National Post (Latest Edition)
Dear Mr. O’toole,
Congratulations on becoming the new leader of the Official Opposition and the Conservative Party of Canada.
We’ re members of the small change fund, a group of leaders and experts whose experience, knowledge, and connections help communities reach their full potential. We help community advocates accomplish innovative solutions to important environmental and Indigenous issues. We use the powers of storytelling, community engagement, and crowdfunding to achieve real, tangible impacts.
As youknow, Canadians are ready to help each other, especially when we face something challenging ahead. In that spirit, we offer you some perspective and guidance that will help you navigate these tough times.
First, the problem: we’re simultaneously facing two challenges. THE COVID-19 crisis has shown the need to rebuild Canada: tomake it more resilient and to overcome the barriers that have impeded too many from living decent lives— fitting with your recent comment on “solidarity.” In addition, the climate crisis is forcing us to re imagine our country to dramatically reduce our carbon emissions.
Inaction isn’t an option. We must work together to find solutions thatwork for everyone. We know that any recovery plan can and should be green and just for all parts of the country.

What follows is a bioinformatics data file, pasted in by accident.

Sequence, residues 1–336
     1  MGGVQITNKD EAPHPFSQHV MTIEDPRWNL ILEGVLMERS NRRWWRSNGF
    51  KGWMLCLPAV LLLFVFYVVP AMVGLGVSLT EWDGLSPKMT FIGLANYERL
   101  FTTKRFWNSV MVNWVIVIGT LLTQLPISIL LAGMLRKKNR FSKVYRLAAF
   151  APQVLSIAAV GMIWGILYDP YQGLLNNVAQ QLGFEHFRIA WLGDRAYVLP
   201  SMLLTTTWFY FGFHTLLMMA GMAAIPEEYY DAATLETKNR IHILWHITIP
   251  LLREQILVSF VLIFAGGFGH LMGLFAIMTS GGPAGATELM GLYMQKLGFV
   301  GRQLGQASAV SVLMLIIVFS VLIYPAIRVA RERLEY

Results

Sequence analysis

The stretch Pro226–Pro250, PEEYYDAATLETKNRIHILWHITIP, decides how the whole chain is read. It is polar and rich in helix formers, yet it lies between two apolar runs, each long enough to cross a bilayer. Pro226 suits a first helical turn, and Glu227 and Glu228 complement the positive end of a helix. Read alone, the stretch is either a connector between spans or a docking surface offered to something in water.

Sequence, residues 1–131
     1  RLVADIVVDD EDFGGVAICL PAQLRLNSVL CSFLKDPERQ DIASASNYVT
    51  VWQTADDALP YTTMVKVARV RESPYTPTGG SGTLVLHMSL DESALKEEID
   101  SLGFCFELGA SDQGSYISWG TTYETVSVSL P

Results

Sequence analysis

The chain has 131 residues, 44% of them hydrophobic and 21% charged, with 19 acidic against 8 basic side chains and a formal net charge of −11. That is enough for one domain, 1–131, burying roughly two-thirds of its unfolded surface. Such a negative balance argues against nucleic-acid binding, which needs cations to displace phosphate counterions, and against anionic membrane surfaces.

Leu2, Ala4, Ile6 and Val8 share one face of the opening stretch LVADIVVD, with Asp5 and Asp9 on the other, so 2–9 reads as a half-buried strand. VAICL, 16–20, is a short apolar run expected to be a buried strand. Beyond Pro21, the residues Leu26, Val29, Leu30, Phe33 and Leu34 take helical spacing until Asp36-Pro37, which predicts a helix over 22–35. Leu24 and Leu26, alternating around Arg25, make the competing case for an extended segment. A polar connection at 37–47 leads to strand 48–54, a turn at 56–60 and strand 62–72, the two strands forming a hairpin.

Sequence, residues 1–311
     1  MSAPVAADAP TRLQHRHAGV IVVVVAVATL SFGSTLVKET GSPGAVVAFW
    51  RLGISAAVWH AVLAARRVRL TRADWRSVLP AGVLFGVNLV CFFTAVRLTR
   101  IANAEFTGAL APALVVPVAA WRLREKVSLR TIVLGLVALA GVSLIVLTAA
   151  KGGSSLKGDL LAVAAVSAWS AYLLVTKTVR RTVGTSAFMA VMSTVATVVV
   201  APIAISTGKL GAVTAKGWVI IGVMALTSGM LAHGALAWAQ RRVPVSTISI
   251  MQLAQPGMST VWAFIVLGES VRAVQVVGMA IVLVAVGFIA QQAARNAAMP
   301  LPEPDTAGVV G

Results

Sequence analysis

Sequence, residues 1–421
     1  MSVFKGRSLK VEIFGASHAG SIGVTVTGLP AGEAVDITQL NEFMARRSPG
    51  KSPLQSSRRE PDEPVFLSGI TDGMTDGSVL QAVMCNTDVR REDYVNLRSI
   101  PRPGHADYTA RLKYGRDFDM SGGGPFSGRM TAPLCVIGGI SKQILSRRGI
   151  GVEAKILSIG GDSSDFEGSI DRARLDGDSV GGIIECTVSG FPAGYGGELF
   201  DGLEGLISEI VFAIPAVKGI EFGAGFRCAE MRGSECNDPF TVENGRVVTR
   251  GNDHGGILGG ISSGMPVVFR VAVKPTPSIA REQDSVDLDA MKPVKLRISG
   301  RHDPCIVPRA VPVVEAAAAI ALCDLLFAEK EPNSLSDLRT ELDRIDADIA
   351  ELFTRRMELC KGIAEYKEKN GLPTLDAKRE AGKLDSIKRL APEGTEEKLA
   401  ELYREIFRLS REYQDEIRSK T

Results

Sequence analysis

But we’re not writing to convince you of this.
Rather, we’re writing to urge you to tap into the wisdom, ideas, and enthusiasm of local groups and people from a cross Canada. The solutions and energy required to tackle these challenges lie with local experts and advocates, starting with locally- based environmental groups.
They care about their community, understand it, and reflect its values. Successfully transforming your community requires passionate community advocates. Much like a small business, you can’t attract people to “buy” your solutions if you don’t understand the mor meet their needs. Such groups know their community and are its biggest ally.
They’re entrepreneurial and have a history of innovation. Thismay seem counterintuitive since local groups are not-for-profit organizations. But successful groups stretch a dollar much further than even the best business. And they know the value of money, volunteers, and sweat equity. Add to this innovation —historically, locally-based groups find solutions to difficult problems and then throw their limited resources at them, making the impossible happen over and over again.
They’re tapped into global networks and knowledge. Like a good business, locally-based groups rely on networks and outside knowledge to succeed. They excel at determining how best to adapt innovation to local circumstances and values.
So, this is our advice: just as you meet with small local businesses to develop a business recovery plan, please consult local environmental groups as you deliberate on creating A COVID-19 recovery plan. We guarantee you that their knowledge, passion, and insights will help you find a future that is green and just for all Canadians.
Mr. O’toole, congratulations again and we are here to offer any assistance your equire.
Burkhard Mausberg, CEO Franzhartmann, Chief engagement officer